Single stranded cDNA was prepared from 2.5 µg total RNA using first strand cDNA synthesis kit (Fermentas; cat#K1612), following the manufacturer’s instructions. The synthesized cDNA was used for GAPDH (Glyceraldehyde 3-phosphate dehydrogenase) gene amplification using gene specific primers; forward primer (5’ CAAGGTCATCCATGACAACTTTG 3’) and reverse primer (5’ GTCCACCACCCTGTTGCTGTAG 3’). PCR cycles were as follows; DNA denaturing at 94ºC for 2 min, followed by 25 cycles of 30 sec at 94ºC, 30 sec at 58ºC and 45 sec at 72ºC followed by an extension of 72ºC for 5 min. The amplified products were separated on a 1.0% agarose gel and visualize after EtBr staining.

Northern blot analysis

Total RNA (5 µg) isolated from bamboo 5th internodal tissue using new protocol and other methods (Chiu et al. 2006; Chan et al. 2007; Trizol reagent; Vasanthaiah et al. 2008; Weng et al. 2009) were subjected to electrophoresis on a 1.2% agarose gel containing 0.66 M formaldehyde, and then transferred to a IMMOBILON-NY+ membrane (Cat# INYC00010; Millipore, Billerica, MA, USA) by capillary action in 10X SSC (1X of SSC is 0.15 M NaCl, 15 mM Sodium citrate) overnight and immobilized by UV-cross-linking (Sambrook et al. 2001). Bamboo RNA isolated using different methods were specifically hybridized with P32 labelled GAPDH gene probe synthesized using random primer labeling kit (NEB; Cat# N1500S), at 65ºC overnight, then after successive washing, northern blot was developed and autoradiographed using Phosphor imager (FujiFilm).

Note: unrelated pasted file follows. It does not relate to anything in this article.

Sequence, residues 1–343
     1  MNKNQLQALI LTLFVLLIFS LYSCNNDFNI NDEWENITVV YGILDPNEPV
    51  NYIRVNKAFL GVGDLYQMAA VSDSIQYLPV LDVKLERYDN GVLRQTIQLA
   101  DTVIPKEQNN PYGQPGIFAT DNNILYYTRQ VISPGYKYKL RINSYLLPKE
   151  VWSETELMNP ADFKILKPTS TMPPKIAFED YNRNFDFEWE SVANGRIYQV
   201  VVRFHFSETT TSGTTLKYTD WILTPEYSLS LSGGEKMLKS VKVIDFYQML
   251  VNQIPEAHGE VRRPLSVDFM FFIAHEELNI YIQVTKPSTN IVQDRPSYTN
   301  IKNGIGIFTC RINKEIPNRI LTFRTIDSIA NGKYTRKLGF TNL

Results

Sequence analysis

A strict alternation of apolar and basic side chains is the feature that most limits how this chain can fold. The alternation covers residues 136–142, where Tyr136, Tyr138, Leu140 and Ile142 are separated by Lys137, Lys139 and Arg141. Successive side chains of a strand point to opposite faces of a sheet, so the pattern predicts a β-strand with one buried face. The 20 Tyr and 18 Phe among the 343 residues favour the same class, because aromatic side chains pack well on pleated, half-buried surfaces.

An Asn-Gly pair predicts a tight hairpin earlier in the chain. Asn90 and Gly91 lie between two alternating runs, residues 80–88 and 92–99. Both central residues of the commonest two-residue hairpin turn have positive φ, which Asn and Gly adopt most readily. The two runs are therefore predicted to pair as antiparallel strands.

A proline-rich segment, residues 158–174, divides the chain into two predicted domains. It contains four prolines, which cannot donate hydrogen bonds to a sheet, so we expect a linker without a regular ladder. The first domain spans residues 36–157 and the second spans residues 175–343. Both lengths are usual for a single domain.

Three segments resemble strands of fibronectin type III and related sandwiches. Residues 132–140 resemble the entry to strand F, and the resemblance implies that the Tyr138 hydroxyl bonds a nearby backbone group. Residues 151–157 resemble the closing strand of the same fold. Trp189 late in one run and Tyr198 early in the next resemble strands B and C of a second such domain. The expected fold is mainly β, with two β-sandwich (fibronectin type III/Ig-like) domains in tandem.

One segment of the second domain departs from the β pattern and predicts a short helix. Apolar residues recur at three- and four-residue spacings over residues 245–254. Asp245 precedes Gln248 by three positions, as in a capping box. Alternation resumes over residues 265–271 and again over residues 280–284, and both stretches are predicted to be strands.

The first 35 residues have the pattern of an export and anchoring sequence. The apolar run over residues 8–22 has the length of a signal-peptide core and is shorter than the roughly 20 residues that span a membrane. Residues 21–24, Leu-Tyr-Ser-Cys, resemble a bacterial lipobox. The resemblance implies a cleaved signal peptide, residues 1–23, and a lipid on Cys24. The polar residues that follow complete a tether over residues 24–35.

Subtraction cDNA library construction

RNA samples were isolated from 2nd and 10th internode of bamboo (Bambusa balcooa) by this new approach were used for cDNA subtraction library construction following the instructions described in PCR select cDNA subtraction Kit (Clonetech; Cat# 637401).

Results and Discussion